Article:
Designing the web site

mailto.jpg (4559 bytes)You could stop there and just use your domain name as an e-mail address, but if you’ve gone that far, then you’re only a hop, step and jump away from the ultimate testament to your tech-savvy-ness, a web site.

Whether you’re going to build it yourself (and it isn’t that hard) or employ someone else, your first personal or business site should probably be pretty modest; three or four pages limited to text and a few images. If the initial time or money you spend proves worthwhile, you can always expand your horizons. It is way too easy to spend hundreds of hours or thousands of dollars on something that turns out not quite to be what you thought you might possibly have originally wanted... maybe.

Basic everyday web sites are built using a language called HTML. HTML is so simple to understand that an eight-year old can master it, and many of them do. It is written in plain text so you don’t need any special software to write it, and there aren't too many weird symbols or anything. Its principles are easy to grasp and there are a large number of web sites online that offer tutorials in how to produce your first web site from scratch. A good basic online guide can be found at, but there are literally thousands of similar sites, and a quick Google search on HTML tutorial, will help find the one that is just right for you.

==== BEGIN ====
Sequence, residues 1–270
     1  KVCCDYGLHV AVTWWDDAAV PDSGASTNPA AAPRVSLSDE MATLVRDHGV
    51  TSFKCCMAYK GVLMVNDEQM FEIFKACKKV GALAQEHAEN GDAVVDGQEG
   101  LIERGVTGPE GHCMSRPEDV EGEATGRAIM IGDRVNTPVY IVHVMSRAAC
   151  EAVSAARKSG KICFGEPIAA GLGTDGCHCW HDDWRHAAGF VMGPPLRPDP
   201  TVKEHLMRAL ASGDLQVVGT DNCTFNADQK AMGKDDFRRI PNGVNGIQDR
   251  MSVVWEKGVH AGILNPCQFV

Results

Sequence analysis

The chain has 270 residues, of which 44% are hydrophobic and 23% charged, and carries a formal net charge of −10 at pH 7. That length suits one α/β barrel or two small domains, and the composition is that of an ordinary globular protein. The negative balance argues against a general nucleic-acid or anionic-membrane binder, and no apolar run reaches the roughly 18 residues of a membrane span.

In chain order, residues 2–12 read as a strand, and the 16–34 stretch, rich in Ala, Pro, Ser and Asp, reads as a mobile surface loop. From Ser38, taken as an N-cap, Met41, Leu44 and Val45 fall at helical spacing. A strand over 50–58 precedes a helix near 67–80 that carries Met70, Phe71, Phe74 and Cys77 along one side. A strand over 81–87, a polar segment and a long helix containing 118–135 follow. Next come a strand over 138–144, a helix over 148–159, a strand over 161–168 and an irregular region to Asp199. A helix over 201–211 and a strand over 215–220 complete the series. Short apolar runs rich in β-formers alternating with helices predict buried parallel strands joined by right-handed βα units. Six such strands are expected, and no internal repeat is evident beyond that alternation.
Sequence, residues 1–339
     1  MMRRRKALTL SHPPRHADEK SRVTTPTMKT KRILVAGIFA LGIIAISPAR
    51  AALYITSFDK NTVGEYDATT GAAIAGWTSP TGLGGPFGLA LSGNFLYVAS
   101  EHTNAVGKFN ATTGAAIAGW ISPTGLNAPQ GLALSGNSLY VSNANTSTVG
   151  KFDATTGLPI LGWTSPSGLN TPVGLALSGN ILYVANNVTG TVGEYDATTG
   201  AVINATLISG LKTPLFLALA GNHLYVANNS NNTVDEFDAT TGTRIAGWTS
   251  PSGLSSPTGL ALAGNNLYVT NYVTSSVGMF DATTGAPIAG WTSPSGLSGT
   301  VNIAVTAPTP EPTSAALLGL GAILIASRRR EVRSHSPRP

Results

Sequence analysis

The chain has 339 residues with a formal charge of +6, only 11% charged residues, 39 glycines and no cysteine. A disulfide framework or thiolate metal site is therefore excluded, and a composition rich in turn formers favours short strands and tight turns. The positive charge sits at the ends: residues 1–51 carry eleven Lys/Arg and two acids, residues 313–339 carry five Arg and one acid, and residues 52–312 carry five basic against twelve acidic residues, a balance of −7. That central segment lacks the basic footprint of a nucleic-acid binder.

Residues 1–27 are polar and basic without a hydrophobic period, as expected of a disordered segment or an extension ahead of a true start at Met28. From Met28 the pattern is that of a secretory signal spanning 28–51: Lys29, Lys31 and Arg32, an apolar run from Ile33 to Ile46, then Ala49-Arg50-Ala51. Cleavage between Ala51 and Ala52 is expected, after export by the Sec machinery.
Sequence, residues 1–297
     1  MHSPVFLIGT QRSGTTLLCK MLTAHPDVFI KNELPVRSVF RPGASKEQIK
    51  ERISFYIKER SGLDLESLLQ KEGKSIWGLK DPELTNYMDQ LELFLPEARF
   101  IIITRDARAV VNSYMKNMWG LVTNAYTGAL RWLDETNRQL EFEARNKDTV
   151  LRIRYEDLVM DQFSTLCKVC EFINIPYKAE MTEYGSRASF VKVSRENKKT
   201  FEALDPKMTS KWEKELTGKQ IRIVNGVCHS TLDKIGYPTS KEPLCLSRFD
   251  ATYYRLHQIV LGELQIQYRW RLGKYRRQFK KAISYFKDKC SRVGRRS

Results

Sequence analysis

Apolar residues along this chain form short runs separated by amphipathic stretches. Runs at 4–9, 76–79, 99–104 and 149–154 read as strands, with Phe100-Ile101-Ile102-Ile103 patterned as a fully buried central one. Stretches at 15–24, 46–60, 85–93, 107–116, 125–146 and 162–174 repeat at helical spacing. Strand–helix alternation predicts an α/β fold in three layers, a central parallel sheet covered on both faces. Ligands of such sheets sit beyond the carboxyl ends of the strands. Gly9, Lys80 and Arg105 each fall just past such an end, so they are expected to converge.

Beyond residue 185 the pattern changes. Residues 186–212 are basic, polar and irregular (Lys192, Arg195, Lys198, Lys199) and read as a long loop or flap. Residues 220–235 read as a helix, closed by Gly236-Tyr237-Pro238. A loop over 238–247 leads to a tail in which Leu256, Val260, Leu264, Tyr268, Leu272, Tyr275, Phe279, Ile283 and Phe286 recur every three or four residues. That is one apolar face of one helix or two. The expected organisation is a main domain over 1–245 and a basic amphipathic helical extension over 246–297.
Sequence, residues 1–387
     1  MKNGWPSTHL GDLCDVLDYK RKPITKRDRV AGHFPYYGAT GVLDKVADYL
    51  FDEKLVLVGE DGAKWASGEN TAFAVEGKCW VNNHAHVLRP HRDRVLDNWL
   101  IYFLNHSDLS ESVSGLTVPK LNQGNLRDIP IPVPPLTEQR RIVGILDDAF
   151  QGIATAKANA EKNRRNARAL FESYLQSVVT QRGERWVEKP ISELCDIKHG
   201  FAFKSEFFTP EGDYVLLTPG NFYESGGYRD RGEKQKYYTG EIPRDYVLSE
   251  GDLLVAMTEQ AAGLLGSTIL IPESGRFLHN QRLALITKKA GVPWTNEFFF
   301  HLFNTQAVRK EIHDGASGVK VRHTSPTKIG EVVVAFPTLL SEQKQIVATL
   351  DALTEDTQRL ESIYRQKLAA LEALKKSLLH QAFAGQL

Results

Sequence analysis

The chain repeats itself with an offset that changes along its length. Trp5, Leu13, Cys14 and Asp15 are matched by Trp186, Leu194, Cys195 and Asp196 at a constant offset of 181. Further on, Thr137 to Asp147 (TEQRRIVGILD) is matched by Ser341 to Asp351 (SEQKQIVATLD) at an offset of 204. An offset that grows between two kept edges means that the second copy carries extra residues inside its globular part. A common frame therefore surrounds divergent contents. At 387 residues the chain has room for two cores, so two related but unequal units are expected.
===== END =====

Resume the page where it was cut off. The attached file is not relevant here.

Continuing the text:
Even for the completely uninitiated, basic font, and background colours, adding click-able links and placing images can probably all be learned in an evening. The hardest part about coming up with something that looks good is mastering the elements and principles of style and design, and a quick waltz around the Internet is proof of that. There are millions of sites designed by those who have quickly learned the basic ideas behind HTML, but who haven't found the time to develop an understanding of colours and placement.

If you’re working on a site of your own, have a look at what others have done. Find a site or two that you like the look of and try and do something similar yourself, whilst keeping things simple. As a rule of thumb, stick to a few well-matched colours, and keep the size of images small so they don’t take too long to download.

There is software specifically designed for designing web sites in HTML. They allow you to put the site together just the way you want it, and all the HTML is done for you behind the scenes. Dreamweaver and Microsoft FrontPage are the two used mainly by professional designers, but they are expensive to buy. Simpler free or free-trial programs are also available to be downloaded from the web. Coffeecup is a popular one that offers a free trial version at The good thing about a program such as this one is that you can download it, play around with it for a while, and if you decide that HTML is not for you, it hasn't cost you anything.